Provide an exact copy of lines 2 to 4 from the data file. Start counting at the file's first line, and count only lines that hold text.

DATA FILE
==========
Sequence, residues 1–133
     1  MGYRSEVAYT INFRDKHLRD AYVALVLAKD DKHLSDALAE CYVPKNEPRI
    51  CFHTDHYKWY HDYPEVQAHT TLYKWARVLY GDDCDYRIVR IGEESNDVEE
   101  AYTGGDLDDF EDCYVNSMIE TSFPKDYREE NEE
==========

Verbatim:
     1  MGYRSEVAYT INFRDKHLRD AYVALVLAKD DKHLSDALAE CYVPKNEPRI
    51  CFHTDHYKWY HDYPEVQAHT TLYKWARVLY GDDCDYRIVR IGEESNDVEE
   101  AYTGGDLDDF EDCYVNSMIE TSFPKDYREE NEE